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European leaders congratulate Erdogan on election win

26 June 2018

Turkish President Tayyip Erdogan won sweeping new executive powers after his victory in landmark elections that saw his Islamist-rooted AK Party and its nationalist allies secure a majority in parliament.

Erdogan's main rival, Muharrem Ince of the Republican People's Party (CHP), conceded defeat but branded the elections unjust and said the presidential system that now takes effect was "very dangerous" because it would lead to one-man rule.

Many critics say this year's military operation in Afrin, Syria, was primarily created to boost both Mr Erdogan's reputation and nationalist sentiment prior to the elections; however, in his victory speech to supporters from the ruling party's headquarters in Ankara he said that Turkey would now act more decisively against terrorist organisations.

"We have received the message that has been given to us in the ballot boxes", he said.

If confirmed, the results will mean Erdogan, who still enjoys sky-high support in parts of the Anatolian heart of the country, even improved on his score from the 2014 presidential elections of 51.8%.

Erdogan spoke of his commitment to fight terrorist organisations and "to continue the fight to make the Syrian grounds freer" and to better the country's "international reputation".

"It (the opposition) created an incredible amount of enthusiasm for all those people who were against the one-man regime".

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Erdogan, who has been in power for more than 15 years, has repeatedly stressed the necessity of having a powerful executive presidency to create a confident and stable country that will take "steps for the future in a stronger manner".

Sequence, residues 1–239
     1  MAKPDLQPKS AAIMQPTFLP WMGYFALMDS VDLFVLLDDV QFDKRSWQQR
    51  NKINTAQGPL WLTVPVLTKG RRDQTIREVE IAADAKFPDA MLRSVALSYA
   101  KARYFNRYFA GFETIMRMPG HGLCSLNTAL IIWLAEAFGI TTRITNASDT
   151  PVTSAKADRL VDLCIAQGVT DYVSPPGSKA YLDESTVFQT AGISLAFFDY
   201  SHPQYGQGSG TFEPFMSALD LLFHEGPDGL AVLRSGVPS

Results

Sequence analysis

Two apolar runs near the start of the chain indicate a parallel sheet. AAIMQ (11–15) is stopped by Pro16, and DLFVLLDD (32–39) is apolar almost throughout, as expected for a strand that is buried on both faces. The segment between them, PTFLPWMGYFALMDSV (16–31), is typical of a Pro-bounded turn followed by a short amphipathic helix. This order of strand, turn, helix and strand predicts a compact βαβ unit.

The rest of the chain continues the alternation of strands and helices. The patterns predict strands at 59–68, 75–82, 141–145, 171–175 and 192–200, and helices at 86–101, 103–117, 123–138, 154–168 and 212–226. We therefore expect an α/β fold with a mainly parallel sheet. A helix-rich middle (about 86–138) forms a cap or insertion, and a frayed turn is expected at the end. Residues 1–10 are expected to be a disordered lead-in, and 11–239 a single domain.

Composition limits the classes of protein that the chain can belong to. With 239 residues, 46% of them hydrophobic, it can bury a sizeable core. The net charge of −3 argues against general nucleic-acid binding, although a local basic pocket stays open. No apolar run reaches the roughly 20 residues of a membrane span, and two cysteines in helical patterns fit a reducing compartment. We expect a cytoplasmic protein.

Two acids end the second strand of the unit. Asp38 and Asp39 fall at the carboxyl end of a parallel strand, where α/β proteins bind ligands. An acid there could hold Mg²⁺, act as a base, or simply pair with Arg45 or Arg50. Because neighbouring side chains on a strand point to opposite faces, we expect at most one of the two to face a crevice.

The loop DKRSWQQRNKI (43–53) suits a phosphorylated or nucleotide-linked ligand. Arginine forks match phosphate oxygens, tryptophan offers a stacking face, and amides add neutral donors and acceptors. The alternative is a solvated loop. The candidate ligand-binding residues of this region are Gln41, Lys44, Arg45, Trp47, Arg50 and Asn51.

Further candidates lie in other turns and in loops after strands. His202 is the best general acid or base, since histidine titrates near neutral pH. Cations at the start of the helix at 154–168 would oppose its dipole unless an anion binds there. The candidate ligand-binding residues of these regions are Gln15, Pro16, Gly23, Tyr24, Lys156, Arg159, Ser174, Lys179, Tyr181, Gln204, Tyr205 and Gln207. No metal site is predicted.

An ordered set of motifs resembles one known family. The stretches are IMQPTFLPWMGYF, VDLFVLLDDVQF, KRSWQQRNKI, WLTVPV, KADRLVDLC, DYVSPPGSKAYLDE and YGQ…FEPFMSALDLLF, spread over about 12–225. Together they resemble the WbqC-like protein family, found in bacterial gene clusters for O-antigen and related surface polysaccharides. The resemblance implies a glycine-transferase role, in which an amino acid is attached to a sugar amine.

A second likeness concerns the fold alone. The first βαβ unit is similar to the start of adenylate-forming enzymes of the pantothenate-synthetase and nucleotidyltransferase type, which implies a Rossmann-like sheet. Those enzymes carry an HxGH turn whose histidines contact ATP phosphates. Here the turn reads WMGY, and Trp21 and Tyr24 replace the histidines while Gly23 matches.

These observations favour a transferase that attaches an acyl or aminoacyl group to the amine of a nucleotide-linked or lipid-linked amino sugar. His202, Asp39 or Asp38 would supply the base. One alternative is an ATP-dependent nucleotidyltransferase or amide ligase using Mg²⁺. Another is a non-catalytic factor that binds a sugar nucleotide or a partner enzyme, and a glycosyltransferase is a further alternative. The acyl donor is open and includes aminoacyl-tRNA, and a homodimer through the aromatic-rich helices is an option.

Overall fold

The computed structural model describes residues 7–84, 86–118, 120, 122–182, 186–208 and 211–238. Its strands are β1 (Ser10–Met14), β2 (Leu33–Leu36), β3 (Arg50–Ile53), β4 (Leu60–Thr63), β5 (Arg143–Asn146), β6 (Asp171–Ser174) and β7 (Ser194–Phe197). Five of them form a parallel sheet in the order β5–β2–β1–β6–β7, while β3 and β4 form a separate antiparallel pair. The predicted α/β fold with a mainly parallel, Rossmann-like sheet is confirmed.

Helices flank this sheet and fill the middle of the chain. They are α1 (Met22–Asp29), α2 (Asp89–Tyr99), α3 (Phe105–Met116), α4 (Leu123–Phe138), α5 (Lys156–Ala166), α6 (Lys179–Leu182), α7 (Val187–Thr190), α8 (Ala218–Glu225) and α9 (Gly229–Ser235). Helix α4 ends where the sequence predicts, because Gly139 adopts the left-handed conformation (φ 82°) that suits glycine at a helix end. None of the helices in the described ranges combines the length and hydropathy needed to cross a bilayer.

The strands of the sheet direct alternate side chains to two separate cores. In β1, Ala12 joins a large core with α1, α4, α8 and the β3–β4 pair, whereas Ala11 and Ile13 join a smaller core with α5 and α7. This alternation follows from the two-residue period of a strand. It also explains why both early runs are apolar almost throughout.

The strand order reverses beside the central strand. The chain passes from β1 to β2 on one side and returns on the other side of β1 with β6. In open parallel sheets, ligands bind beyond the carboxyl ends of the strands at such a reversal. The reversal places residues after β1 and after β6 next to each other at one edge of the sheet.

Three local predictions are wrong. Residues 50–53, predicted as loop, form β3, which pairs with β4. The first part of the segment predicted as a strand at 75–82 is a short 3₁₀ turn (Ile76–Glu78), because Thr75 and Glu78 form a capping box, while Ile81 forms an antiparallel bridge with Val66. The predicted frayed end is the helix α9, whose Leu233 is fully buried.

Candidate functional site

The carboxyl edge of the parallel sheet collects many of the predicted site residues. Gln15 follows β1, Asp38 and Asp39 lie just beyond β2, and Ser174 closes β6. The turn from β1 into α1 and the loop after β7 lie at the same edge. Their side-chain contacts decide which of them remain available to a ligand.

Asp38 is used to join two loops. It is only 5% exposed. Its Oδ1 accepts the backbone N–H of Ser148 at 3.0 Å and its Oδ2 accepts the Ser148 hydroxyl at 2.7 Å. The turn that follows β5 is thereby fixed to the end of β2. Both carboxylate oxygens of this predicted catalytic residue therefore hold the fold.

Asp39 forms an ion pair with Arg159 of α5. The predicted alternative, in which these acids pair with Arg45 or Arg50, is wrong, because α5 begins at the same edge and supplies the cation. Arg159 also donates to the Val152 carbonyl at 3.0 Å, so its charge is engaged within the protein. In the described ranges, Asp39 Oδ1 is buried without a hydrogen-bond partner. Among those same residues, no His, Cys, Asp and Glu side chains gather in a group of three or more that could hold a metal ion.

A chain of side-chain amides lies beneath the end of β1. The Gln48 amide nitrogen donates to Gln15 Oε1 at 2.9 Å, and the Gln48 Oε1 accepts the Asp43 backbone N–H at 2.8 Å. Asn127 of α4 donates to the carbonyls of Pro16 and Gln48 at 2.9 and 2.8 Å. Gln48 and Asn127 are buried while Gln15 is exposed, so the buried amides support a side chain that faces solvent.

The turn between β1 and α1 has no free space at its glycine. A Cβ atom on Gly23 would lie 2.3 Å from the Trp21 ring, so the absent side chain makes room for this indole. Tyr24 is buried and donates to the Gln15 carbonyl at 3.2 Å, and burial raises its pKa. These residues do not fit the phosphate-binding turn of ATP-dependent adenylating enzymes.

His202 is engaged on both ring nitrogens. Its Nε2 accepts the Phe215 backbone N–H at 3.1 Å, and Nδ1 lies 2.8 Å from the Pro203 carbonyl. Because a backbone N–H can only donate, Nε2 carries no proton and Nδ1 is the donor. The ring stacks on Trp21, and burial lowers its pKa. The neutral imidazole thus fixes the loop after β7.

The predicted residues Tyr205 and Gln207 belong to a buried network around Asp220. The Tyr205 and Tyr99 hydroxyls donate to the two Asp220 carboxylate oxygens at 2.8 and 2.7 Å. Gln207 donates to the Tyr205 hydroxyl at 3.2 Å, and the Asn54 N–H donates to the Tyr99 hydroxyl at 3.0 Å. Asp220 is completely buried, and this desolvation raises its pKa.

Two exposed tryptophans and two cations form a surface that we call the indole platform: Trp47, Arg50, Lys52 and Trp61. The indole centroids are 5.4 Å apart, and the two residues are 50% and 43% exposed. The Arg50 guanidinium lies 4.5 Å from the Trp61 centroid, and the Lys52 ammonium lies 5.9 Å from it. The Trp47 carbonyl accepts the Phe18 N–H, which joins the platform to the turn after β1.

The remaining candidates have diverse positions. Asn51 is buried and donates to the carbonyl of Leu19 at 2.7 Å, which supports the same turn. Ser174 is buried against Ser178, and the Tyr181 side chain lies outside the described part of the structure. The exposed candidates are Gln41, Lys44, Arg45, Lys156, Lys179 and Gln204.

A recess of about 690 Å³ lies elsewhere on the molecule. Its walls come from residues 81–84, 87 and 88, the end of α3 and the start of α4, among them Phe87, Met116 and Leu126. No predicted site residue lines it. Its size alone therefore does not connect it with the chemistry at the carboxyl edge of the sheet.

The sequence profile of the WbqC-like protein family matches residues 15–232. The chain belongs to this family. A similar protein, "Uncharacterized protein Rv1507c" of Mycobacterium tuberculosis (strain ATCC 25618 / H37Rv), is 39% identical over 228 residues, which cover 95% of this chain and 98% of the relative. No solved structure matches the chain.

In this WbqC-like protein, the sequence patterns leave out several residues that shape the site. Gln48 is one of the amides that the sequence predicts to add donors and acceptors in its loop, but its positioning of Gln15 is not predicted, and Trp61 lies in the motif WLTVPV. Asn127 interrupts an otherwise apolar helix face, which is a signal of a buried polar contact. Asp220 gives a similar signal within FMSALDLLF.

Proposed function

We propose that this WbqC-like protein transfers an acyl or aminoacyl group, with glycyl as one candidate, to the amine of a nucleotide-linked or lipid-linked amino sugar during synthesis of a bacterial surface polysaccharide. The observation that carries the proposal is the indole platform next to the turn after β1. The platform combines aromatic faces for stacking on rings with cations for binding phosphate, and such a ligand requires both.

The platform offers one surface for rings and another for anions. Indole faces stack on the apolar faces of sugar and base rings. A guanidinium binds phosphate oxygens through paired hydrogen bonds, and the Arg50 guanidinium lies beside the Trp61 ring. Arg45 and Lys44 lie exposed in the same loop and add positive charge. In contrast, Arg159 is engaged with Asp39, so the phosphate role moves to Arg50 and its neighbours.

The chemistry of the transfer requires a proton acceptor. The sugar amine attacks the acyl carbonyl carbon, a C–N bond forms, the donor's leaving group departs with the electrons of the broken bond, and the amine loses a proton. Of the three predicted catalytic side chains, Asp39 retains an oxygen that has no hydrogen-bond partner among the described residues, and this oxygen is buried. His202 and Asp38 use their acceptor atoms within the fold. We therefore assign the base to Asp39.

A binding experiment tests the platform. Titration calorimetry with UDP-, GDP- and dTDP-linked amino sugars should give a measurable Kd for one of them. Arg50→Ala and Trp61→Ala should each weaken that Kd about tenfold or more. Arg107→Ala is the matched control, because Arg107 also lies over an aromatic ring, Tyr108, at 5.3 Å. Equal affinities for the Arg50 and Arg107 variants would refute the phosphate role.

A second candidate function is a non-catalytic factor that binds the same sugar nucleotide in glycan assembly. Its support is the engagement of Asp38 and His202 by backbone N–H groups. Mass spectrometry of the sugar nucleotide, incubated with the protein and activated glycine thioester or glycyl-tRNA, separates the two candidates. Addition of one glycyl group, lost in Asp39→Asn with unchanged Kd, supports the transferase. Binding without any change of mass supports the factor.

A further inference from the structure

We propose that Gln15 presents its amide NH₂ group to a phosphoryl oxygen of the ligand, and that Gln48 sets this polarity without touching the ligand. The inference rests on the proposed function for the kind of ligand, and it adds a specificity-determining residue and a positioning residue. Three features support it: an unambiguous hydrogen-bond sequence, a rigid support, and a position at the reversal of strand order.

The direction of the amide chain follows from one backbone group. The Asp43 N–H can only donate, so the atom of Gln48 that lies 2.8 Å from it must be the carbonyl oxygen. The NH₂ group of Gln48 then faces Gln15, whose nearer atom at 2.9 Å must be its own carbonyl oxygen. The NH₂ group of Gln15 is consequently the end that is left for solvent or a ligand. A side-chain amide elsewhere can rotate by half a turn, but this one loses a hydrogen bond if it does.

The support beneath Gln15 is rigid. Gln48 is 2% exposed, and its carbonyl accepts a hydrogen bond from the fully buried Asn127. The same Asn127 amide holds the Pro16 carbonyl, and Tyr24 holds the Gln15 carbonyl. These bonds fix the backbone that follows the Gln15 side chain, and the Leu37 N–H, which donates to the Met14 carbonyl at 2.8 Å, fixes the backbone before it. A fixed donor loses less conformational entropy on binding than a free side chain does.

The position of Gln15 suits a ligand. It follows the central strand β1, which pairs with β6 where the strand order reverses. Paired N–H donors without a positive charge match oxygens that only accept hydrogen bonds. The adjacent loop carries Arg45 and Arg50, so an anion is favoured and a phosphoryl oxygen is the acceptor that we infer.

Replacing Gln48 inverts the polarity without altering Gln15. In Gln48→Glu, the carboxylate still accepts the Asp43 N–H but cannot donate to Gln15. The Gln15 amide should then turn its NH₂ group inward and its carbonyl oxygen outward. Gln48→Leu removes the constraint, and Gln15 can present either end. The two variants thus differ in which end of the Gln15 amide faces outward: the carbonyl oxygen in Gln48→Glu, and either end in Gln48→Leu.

Unlike Erdogan's success, his Justice and Development Party (AK Party) lost its majority in the 600-seat assembly by claiming 295 seats, according to the unofficial results.

According to Paul Levin, director of Stockholm University Institute for Turkish Studies, Turkey's global position will remain the same in the medium to long term.

With election victory in hand, Erdogan will rule with new muscle provided by sweeping changes to the constitution that were approved by a narrow majority of the electorate in a controversial referendum that he championed previous year. The opposition nationalist Iyi (Good) party had 10 percent, according to state media.

The victor of Sunday's presidential election will be the first Turkish head of state to govern with expanded powers after constitutional changes were approved in April 2017.

"I hope nobody will damage democracy by casting a shadow on this election and its results to hide their failure", he continued.

OSCE observer Olivier Henry, left, and Rita Bellens work at a polling station at a primary school in Ankara, Turkey, Sunday, June 24, 2018.

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What changes after the implementation of the new presidential system? A crackdown launched after the coup has seen 160,000 people detained, and the state of emergency allows Erdogan to bypass parliament with decrees.

Polls had suggested the possibility that the presidential vote could head into a second-round runoff on July 8 and that the AKP could lose its parliamentary majority after 16 years.

The opposition candidates had pledged to overturn the new powers, which were narrowly passed by referendum past year, if they won.

But on Monday, Turkish President Recep Tayyip Erdogan was re-elected and, in doing so, effectively finished what the coup plotters started.

After 80 percent of ballots from Turks eligible to vote in Germany were counted, Erdogan had won 65.7 percent of them, officials said.

All this raises a couple of important questions: First, why did the United States just sell a bunch of F-35s to Turkey in the face of opposition from Congress?

Despite 90% of the media being pro-government and largely shunning the opposition, the president's posters and flags dwarfing any challenge on the streets, the election being held under a state of emergency curtailing protests, and critical journalists and academics being jailed or forced into exile, Mr Erdogan only got half of the country behind him. "And as Turkey's democratic credentials deteriorate further, relations with the European Union will remain strained, even as the two neighbors will continue to need to collaborate on issues like migration and counterterrorism", he told Arab News.

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European leaders congratulate Erdogan on election win